Thomas Carlyle

Thomas Carlyle - toolshero

Thomas Carlyle (4 December 1795 – 5 February 1881) was a Scottish writer, philosopher, mathematician, and historian. He is best known as a writer and is the creator of the Great Man Theory. Some books of Thomas Carlyle are today still popular among people around the globe, such as ‘The French Revolution: A History.’ Thomas Carlyle is today recognized as one of the most influential people who commented on social issues with the intention of promoting change. His thoughts are expressed in Carlyle’s books and publications such as ‘On Heroes, Hero-Worship,’ and ‘The Heroic in History.’

Biography

The parents of Thomas Carlyle were both Scottish and they had in total nine children. Thomas’ father was the one who had the final word at home. He was very strict, but at the same time, always fair. The family was additionally dedicated to Christianity, and Tomas Carlyle’s father hoped that Thomas would become a priest in the future.

Thomas Carlyle was first homeschooled before he went to a local school in Ecclefechan, in Scotland. He later went to the Annan Academy, a secondary school in Annan. Tomas Carlyle identified at a young age that he was interested in math. This was also since his parents introduced him to mathematics because they knew the potential benefits of mastering this skill. His results in math at Annan Academy were because of his interest remarkable.

After Thomas Carlyle got ready for university, he attended Edinburg University in 1809, where he studied a general course. Choosing a general course was a common thing at that time. As expected, Thomas Carlyle gained exceptional results in mathematics at the university. He graduated in 1813 and continued his educational path by studying theology to satisfy the wish of his father, which was becoming a priest. However, during the program, Thomas Carlyle decided not the complete the study because he changed his mind. Tomas did not want to become a priest anymore because he was more interested in becoming a writer, and he felt like he should follow his interests and express his thoughts.

He left Edinburg University, but then started his professional career as a lecturer in mathematics at the Annan Academy in 1814. Tomas Carlyle held the position for two years, and next worked again as a math teacher but at a different school in Kirkcaldy. However, Thomas Carlyle identified that despite his interest in Math, he could not improve his skills if he stays on this path. Therefore, Thomas Carlyle thought that it is best to quit his job and study another course. Even though Thomas wanted to excel in math, he chose to study law. Unfortunately, he did not finish the program because Thomas Carlyle later identified that he had more interest in German literature. Carlyle consequently started studying German and wrote numerous articles about his studies, which were also published by well-known publishers such as the London Magazine.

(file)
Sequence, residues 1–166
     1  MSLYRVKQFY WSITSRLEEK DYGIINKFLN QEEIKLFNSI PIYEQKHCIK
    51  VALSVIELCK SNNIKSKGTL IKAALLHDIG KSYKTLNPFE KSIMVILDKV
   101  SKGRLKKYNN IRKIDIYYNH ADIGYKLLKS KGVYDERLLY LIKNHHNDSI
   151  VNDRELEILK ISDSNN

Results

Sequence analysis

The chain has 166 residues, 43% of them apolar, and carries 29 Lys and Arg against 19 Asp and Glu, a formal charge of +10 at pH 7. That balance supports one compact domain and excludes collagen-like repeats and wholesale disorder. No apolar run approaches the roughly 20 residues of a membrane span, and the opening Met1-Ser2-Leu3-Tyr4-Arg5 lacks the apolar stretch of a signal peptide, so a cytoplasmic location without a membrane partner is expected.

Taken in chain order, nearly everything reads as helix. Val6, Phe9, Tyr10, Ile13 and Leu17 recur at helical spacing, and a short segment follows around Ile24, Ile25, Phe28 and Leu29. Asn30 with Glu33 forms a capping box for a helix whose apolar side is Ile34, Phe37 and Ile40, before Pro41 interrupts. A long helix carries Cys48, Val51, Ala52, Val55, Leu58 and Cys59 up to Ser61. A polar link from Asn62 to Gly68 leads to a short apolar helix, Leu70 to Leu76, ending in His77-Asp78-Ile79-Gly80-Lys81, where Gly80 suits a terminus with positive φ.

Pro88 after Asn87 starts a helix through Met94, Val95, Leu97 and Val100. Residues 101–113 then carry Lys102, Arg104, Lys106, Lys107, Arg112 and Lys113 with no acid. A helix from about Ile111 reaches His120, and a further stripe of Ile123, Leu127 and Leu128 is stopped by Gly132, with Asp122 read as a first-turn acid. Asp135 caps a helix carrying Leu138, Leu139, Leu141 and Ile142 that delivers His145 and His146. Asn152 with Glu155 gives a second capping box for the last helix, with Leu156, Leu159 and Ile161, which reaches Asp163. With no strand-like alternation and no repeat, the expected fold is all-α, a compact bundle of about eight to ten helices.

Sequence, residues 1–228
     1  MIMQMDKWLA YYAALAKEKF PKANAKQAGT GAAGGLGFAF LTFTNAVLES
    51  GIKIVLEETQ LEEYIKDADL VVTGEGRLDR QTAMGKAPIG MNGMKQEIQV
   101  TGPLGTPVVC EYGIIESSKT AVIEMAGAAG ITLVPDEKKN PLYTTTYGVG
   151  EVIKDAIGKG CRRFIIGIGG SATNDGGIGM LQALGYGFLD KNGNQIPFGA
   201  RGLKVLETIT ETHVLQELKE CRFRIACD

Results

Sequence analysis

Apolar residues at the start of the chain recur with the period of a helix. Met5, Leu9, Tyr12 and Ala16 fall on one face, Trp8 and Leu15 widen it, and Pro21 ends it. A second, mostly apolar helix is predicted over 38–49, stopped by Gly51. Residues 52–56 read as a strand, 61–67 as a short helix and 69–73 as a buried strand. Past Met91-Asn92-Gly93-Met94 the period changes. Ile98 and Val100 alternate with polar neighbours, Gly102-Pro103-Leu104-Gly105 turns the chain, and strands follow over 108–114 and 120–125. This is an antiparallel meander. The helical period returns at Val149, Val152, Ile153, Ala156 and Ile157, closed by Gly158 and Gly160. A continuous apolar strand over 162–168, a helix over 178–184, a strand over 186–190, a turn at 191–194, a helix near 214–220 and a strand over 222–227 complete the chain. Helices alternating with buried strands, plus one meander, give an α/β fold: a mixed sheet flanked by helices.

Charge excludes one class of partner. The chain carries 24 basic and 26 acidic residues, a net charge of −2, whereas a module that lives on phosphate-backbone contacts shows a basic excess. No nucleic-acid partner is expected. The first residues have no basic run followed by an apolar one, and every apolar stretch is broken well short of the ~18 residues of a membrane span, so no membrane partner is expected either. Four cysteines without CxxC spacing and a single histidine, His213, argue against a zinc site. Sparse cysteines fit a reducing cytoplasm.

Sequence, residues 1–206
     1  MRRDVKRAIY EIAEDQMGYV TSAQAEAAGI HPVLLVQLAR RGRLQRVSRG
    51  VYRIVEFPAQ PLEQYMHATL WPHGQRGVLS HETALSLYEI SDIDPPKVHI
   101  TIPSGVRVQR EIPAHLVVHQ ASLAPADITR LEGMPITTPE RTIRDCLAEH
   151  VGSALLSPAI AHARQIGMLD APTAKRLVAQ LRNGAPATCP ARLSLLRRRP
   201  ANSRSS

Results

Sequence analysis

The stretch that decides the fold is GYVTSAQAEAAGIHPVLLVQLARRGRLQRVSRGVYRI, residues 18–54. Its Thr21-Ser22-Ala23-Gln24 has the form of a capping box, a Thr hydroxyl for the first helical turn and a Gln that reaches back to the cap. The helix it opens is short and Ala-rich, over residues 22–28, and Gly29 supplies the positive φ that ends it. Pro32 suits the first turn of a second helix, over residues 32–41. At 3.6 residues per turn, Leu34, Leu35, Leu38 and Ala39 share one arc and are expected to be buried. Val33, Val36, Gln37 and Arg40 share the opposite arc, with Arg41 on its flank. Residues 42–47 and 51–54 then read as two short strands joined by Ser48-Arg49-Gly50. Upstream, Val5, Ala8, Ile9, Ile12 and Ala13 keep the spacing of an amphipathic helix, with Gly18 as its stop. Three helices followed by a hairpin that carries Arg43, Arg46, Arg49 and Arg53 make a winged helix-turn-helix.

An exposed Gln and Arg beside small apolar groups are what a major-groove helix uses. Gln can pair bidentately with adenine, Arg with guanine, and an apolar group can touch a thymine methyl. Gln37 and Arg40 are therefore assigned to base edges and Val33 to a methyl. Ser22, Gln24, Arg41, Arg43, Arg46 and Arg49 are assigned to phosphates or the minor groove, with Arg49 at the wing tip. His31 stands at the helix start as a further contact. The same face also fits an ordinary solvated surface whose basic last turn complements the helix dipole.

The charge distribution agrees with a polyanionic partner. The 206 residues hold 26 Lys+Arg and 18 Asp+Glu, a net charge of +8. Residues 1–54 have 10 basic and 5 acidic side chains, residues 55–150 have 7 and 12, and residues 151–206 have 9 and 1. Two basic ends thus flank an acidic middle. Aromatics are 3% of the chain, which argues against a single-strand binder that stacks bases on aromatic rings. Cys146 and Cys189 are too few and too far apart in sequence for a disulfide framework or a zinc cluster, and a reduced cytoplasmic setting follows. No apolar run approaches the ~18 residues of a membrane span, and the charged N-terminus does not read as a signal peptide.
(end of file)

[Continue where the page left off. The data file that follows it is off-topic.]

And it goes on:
During this time, Thomas Carlyle had much affection for Jane Baillie Welsh, a girl from a wealthy and well-respected family. On the contrary, Thomas had no fixed income yet, and his professional career path was still a bit bumpy. It indicated that he no big chance of marrying the girl for who he had much love. However, Thomas Carlyle managed in the long run to marry Jane. The couple married in 1826.

Two years later, Thomas Carlyle and his wife Jane moved to Craigenputtock. They lived there from 1928 to 1934 before the couple decided. To move to London. In the time between, Thomas Carlyle already traveled around and built a professional network that could offer benefits in the future. At the same time, he kept writing about German history and general life. His essays were still published by various publishers such as the Foreign Review and the publications were in high demand. For example, his articles on Voltaire, Richter, and Sartor Resartus are circulated numerous times. He also applied for various board positions, but these applications were unfortunately unsuccessful. Thomas remained motivated to enhance his career and therefore moved to London. He expected there are more opportunities elsewhere.